Album: Self Made, Vol. 2
Label: Maybach Music Group LLC / Warner Brothers Records, Inc.
Release Date: 6/25/2012
When the first Maybach Music Group compilation album was getting ready to drop just over a year ago, there were still many questions surrounding Rick Ross’ camp. Could they co-exist? How would Wale fit in with the street hustler personas of the rest of the crew? Would Meek Mill live up to the hype? So on and so forth. Now, over a year removed from all of those uncertainties, Rozay and friends have put the haters to rest. Wale adapted to and adopted some of The Boss’ signature swag, which lead to his sophomore album debuting at number two on the billboard charts. Meek Mill didn’t just live up to the hype, he exceeded it thanks to hit singles like “House Party” and “Ima Boss.” And it is clear from the success of Self Made Volume 1 that the MMG conglomerate has no problem co-existing with one another. With all of that being said, it’s easy to see why MMG is the hottest team in the game right now, and obviously that title comes with high expectations. So, did the Maybach Music Group meet those expectations on their second compilation effort, Self Made Vol. 2? The answer is primarily yes as Self Made Vol. 2 in large part follows the same formula that Self Made Vol. 1 did – a cohesive mixture of laid back luxurious sounding tracks combined with a collection of trap bangers that are guaranteed to blow up heavy in the streets.
Before we jump into things, there are a few roster changes to make note of on Self Made Vol. 2. Pill is no longer affiliated with MMG, therefore isn’t on the album and is replaced by Stalley. Handling the majority of the hooks on Self Made Vol. 2 is MMG’s newest member, former B2K front man Omarion. Ross took a step forward by parting ways with Pill, as he was definitely the weak link on the last Self Made album and didn’t really bring anything unique to the table. Unfortunately all that progress was derailed when Rozay out of nowhere decided to sign Omarion. Ross spits on joints with people like Usher, Drake, and Trey Songz and probably could have had any of them singing these choruses and he goes and picks Omarion? However, the man now known as Maybach O does his best on songs like “Let’s Talk” and “This Thing Of Ours.” “Let’s Talk” features a kind of cheesy sample of some lines from The Notorious B.I.G’s “Big Poppa” but is bound to get spins on the airwaves and in the club, while “This Thing Of Ours” does a good job of incorporating some of those same radio friendly elements with lyrically stellar verses from Wale and Nas.
Nas is just one of two OG’s featured on the album (The other being Bun B on “Black on Black”) however there are plenty of scorching hot young guns that round out the rest of the guest slots. Kendrick Lamar outshines the whole MMG crew as he kills his verse on the albums opening track “Power Circle” and French Montana and Wiz Khalifa do their thing on the song “I Be Puttin On” which kind of sounds like a distant cousin of “Stay Schemin.” Other MCs featured on the album include Ace Hood, T.I. and Nipsey Hussle.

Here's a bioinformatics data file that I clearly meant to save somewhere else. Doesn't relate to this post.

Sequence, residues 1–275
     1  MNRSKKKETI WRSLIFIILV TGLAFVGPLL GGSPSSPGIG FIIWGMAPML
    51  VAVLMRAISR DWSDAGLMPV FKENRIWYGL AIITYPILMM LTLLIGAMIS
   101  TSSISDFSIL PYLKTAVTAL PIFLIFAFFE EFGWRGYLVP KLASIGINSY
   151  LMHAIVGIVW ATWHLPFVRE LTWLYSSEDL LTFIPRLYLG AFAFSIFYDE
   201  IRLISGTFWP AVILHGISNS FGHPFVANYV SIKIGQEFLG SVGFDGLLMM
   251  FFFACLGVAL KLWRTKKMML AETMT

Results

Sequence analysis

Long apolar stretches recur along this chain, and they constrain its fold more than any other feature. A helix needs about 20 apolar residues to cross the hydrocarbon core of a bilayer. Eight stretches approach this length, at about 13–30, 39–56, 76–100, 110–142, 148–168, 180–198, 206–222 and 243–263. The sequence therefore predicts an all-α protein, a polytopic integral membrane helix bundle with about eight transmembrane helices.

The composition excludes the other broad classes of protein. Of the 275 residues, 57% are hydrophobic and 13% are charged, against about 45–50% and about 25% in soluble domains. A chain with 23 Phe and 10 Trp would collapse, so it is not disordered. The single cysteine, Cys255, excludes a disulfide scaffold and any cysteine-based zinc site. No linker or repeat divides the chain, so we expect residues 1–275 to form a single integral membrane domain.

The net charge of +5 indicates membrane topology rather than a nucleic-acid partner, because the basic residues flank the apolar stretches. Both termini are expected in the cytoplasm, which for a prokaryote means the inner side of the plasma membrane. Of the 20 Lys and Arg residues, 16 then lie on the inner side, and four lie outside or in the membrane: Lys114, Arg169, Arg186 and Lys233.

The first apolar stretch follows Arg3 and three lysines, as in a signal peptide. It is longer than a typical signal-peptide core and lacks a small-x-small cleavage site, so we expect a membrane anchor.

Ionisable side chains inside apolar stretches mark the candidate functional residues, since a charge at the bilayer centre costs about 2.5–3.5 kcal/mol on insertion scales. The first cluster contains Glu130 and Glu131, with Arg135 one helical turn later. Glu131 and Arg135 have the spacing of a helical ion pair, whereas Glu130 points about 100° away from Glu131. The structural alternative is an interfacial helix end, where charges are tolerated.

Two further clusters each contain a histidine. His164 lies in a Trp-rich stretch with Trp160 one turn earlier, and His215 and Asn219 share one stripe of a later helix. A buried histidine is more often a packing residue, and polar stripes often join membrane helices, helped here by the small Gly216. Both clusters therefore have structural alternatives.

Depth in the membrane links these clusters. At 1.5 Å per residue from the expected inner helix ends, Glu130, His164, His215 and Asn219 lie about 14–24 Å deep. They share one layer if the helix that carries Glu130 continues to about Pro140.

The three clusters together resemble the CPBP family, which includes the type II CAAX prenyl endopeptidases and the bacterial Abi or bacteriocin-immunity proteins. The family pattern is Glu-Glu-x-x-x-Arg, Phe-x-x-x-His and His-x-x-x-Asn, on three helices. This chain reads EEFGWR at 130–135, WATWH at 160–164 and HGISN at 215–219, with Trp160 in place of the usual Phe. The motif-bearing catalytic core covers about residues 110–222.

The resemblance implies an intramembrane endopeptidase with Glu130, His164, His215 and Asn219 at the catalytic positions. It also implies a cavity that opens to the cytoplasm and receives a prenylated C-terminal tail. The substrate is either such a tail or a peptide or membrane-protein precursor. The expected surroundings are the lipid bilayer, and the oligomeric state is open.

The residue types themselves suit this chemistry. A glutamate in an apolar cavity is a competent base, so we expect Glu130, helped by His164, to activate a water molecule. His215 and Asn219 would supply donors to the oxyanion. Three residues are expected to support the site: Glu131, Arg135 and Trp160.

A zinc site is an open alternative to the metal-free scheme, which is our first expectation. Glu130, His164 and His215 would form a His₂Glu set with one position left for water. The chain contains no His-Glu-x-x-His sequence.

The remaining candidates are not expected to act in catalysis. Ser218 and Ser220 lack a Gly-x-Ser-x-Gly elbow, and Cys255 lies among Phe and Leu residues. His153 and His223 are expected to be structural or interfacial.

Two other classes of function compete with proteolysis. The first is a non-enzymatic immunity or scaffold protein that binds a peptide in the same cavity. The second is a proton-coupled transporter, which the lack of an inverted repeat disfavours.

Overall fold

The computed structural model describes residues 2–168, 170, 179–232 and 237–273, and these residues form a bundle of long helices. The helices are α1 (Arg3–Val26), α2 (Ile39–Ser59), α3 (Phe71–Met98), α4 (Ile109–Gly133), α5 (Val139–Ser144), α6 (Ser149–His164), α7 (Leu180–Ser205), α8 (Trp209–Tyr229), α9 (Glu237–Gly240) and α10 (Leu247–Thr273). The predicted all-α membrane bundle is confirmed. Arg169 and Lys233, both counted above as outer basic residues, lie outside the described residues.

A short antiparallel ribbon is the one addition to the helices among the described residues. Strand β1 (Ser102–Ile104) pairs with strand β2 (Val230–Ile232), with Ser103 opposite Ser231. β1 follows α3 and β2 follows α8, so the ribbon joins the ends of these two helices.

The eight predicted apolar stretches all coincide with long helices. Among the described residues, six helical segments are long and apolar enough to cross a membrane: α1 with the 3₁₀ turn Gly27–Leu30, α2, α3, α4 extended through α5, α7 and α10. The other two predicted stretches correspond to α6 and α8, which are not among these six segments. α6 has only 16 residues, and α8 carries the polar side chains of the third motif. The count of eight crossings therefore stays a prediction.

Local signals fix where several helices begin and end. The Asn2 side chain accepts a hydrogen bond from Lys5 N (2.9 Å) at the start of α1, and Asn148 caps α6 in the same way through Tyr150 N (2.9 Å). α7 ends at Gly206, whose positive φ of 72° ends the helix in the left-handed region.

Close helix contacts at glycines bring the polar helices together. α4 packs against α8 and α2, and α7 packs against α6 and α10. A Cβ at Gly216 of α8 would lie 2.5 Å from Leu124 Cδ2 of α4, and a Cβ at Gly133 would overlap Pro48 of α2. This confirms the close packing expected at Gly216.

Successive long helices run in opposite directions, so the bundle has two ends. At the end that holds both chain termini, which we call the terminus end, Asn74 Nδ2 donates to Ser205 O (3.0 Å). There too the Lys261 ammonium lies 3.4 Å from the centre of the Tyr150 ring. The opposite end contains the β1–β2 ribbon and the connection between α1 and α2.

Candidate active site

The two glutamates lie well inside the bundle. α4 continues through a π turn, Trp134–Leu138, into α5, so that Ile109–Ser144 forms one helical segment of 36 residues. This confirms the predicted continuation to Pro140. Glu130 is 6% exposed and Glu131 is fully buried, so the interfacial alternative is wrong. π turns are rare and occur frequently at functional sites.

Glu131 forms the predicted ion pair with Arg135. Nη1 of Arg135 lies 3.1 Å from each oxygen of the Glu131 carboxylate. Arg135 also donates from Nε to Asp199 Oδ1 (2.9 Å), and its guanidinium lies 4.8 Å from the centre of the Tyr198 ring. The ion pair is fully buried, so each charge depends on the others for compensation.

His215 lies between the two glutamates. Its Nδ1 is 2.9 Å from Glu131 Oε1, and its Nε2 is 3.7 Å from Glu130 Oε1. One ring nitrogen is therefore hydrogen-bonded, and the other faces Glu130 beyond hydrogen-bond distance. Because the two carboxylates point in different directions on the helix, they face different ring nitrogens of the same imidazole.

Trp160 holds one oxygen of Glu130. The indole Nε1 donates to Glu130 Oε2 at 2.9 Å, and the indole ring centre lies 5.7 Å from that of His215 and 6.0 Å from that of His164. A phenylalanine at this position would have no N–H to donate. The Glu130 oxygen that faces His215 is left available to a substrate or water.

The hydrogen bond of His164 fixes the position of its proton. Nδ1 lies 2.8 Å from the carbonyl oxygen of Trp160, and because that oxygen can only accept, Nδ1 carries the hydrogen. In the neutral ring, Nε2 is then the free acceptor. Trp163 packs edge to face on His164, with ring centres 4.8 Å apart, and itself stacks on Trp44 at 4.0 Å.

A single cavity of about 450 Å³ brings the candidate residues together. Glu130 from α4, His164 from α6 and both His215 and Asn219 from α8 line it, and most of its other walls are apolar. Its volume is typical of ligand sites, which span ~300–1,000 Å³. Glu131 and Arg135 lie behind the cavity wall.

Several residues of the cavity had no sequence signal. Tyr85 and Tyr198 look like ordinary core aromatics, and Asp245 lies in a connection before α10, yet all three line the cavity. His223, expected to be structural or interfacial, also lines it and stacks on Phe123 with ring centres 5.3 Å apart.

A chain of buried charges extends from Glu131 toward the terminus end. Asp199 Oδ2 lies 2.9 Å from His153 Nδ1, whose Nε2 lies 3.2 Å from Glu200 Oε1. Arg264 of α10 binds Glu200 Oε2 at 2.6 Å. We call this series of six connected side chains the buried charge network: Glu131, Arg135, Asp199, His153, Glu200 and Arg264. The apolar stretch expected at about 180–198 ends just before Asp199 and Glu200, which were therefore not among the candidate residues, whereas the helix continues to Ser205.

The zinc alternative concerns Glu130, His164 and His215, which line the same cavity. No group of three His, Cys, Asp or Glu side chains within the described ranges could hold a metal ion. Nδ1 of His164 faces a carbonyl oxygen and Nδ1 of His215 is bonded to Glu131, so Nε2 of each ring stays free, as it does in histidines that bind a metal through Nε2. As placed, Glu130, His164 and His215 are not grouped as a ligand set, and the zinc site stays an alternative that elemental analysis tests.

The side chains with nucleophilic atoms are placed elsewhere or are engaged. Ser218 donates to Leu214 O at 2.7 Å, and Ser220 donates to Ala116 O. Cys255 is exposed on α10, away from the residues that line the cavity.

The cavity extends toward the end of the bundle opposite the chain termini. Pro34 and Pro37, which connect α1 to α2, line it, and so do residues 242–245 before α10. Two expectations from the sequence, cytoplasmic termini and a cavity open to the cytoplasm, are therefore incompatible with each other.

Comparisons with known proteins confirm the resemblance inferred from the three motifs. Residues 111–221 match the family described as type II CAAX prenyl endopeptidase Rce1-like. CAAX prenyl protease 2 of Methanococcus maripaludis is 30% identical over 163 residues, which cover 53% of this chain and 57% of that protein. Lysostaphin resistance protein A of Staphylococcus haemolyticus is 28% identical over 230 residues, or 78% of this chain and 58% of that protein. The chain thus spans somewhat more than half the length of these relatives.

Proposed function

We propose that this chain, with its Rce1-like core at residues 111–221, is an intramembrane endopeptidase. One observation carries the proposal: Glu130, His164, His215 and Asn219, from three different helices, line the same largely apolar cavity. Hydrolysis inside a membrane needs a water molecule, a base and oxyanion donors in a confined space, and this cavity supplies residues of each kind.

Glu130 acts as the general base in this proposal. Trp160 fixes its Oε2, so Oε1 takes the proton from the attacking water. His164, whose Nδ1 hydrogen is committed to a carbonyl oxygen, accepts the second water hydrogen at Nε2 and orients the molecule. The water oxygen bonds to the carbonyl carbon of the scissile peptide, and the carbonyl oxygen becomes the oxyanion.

Now on to the biggest boss that you’ve seen thus far, as no Maybach Music project would be complete without a sufficient amount of Rozay. Like Self Made Vol. 1, Self Made Vol. 2 has a surplus of trap rap cuts where Ross belts out a chorus the same way he’s been doing since “BMF.” Last time it was “Tupac Back” and “600 Benz”, this go round it’s songs like “Black Magic” and “Bag Of Money” that are sure to make their way through the streets and through the airwaves. Like many hip-hop fans, I was really getting tired of the trap sound that has been dominating the genre for the past couple years, that is until I heard Self Made Vol. 2’s final track “Bury Me A G.” Sonically speaking there’s nothing that separates this track from the thousands of other gritty trap songs out there, however it is Ross’ words that make me want to go ham every time I hear them when he repeats the line “If I die tonight I pray I get buried in clean draws”. What a Boss line. Isn’t that all we can really ask for? No one wants to be laying up in a coffin for the rest of eternity in some dirty @ss draws.
On the flip side of things, it is Wale and Stalley whose job it is to slow things down, chill things out and spit with a more introspective type of steez on joints like “Fluorescent Ink” and “The Zenith.” While he’s a still step up from Pill, Stalley’s work on Self Made 2 is slightly inconsistent. Perhaps I’m being a tad too critical but I expected a little more from the Ohio MC after he raised the bar for himself with that dope Savage Journey To The American Dream mixtape.
One aspect of the project that I haven’t really discussed thus far is the production. That is because it is the one of the few areas of Self Made Vol. 2 that leaves room for improvement. The beats on Self Made Vol. 2 are by no means terrible, but they aren’t necessarily that great either. They are simply average, which might be okay for any other crew, but when you’re at the top of the rap game like MMG is and you enlist cats like Boi-1da, Don Cannon and Harry Fraud to make your beats, you better make sure they are at the top of their game. Can’t say that’s the case on Self Made Vol. 2.
However, aside from the production, Self Made Vol. 2 meets the expectations that come with the status that MMG currently holds. This album outshines its predecessor and further solidifies the MMG brand and serves as a reminder that until someone, weather it be G.O.O.D. music, Young Money, TDE or whomever decides to step it up a notch, that when it comes to conglomerates, Maybach Music Group still sits atop the throne of the rap kingdom.